China Proposal on NGOs Raises Transparency Concerns at U.N.

By Bree Feng

The New York Times

A proposal by China that would have withheld the names of countries that criticize nongovernmental organizations at the United Nations has drawn condemnation from diplomats and rights groups, citing concerns about transparency.

China made the proposal last week during a session of the United Nations committee that oversees accreditation for nongovernmental organizations to participate in United Nations meetings. At present, the United Nations publishes accounts of committee meetings that include any objections raised by the committee’s 19 member states to nongovernmental organizations seeking accreditation. Last Wednesday, however, China moved that the United Nations no longer name individual countries in its reports, participants in the session said. The motion was supported by Cuba, Iran, Russia, Pakistan and Sudan, the participants said.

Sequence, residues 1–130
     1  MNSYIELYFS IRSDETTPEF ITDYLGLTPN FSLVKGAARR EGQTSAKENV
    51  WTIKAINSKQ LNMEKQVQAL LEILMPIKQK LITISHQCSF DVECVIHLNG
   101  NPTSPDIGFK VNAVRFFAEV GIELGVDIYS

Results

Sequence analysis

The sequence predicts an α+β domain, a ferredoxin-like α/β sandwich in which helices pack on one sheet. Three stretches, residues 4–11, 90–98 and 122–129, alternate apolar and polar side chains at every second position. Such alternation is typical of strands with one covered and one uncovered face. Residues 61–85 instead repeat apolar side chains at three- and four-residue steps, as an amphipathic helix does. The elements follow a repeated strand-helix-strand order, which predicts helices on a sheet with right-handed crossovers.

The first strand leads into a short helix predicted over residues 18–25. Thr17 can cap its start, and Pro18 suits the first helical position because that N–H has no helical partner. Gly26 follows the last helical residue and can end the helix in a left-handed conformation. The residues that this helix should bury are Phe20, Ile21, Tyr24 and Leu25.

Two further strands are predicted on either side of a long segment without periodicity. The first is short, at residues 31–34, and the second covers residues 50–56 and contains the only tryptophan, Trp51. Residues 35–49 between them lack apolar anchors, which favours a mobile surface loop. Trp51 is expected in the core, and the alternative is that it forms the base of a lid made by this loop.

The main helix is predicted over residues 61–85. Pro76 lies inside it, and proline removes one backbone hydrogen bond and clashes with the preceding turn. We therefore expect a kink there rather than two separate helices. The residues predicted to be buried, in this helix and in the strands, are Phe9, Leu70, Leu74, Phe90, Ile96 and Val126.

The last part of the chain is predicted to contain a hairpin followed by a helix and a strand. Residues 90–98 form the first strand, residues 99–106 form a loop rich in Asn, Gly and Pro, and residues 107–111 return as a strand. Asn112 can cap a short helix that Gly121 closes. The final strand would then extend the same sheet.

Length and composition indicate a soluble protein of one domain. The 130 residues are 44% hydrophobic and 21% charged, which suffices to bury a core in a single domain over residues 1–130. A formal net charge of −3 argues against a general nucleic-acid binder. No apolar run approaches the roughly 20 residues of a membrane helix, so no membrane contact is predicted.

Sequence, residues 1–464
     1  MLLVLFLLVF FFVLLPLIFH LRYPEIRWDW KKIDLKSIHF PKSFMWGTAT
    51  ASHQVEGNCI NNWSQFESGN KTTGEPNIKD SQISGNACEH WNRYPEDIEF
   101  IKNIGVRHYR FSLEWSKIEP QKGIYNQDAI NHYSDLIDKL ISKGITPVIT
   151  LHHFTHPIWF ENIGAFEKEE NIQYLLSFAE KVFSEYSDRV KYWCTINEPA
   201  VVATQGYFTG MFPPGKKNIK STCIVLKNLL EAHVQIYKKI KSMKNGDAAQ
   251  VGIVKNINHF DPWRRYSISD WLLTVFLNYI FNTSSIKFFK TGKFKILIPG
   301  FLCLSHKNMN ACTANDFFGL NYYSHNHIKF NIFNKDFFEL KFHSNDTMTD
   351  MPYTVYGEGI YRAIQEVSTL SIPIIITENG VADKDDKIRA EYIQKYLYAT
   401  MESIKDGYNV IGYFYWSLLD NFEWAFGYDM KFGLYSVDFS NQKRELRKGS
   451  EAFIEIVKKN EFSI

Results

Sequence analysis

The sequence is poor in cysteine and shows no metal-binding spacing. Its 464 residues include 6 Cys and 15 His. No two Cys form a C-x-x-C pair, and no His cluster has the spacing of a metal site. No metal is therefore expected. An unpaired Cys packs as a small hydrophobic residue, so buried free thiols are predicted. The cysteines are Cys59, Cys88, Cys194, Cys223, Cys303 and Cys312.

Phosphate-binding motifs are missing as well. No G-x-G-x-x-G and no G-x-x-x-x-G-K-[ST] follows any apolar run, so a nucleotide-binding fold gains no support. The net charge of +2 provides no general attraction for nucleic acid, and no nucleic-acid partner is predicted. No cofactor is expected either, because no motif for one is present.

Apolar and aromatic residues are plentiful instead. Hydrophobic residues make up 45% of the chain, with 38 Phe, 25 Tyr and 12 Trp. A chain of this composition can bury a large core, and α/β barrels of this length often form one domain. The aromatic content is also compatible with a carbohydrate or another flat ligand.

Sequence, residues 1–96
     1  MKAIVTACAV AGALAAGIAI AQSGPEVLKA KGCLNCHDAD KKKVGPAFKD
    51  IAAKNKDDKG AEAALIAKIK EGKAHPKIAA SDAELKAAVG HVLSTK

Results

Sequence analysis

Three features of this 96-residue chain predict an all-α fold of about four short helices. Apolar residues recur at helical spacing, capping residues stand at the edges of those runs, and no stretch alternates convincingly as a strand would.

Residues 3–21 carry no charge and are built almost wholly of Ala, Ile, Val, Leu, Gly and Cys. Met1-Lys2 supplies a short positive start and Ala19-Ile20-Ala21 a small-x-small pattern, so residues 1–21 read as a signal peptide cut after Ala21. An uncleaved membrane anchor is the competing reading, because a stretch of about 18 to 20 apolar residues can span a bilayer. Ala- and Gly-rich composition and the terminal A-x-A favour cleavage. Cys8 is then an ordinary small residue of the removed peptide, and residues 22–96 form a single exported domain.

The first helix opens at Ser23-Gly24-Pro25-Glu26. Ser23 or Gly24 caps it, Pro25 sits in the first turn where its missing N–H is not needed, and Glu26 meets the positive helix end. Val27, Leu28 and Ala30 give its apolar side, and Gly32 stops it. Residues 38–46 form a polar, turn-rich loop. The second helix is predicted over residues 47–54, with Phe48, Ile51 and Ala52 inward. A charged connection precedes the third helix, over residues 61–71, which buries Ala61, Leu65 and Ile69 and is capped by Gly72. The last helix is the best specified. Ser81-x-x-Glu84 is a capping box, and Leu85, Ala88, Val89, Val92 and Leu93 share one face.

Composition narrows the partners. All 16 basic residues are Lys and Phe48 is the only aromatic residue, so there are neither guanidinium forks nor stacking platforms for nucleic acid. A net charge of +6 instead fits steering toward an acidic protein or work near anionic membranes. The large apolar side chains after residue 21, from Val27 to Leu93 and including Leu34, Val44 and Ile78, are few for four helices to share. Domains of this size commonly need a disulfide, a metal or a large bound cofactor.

China eventually dropped the proposal, but not before representatives of other countries expressed alarm about the risks to transparency.

The United States ambassador to the United Nations, Samantha Power, posted on Twitter that the proposal to withhold countries’ names was a “very concerning initiative,” though she did not cite China in connection with the proposal.

She added in another post, “In an era of global crackdown on civil society, the UN’s NGO Committee must set the example for openness & transparency.”

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